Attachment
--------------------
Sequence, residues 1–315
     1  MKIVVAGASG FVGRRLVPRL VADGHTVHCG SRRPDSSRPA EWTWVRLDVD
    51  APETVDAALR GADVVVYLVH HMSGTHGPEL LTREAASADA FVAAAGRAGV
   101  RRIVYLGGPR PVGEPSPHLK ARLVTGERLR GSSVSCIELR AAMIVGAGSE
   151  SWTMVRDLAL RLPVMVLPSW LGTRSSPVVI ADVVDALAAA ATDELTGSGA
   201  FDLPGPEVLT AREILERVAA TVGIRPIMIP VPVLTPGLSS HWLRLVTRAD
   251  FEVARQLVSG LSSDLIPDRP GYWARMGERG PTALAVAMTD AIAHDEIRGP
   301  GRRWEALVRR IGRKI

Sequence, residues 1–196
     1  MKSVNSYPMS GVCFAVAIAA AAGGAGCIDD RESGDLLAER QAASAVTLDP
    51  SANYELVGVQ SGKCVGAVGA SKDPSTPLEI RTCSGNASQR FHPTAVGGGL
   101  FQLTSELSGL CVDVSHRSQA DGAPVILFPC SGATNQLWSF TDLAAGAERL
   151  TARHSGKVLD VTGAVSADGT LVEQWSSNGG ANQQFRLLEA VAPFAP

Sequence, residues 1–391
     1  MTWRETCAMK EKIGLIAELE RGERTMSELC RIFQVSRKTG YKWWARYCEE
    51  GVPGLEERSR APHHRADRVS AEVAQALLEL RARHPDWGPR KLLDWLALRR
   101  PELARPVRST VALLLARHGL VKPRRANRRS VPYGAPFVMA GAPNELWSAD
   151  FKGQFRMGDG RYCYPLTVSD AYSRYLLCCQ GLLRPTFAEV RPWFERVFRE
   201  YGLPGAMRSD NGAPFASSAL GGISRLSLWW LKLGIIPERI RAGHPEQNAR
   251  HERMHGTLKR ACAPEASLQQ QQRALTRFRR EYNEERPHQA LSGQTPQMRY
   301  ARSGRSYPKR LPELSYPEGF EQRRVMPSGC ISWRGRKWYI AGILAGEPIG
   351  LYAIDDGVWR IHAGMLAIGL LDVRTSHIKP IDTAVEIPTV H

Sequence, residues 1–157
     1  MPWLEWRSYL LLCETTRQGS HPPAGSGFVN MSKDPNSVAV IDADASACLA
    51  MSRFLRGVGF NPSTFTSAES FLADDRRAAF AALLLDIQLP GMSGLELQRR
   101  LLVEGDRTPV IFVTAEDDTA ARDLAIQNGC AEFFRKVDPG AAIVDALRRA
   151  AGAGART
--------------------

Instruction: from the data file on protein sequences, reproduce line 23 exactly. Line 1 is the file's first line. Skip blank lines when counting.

Sequence, residues 1–157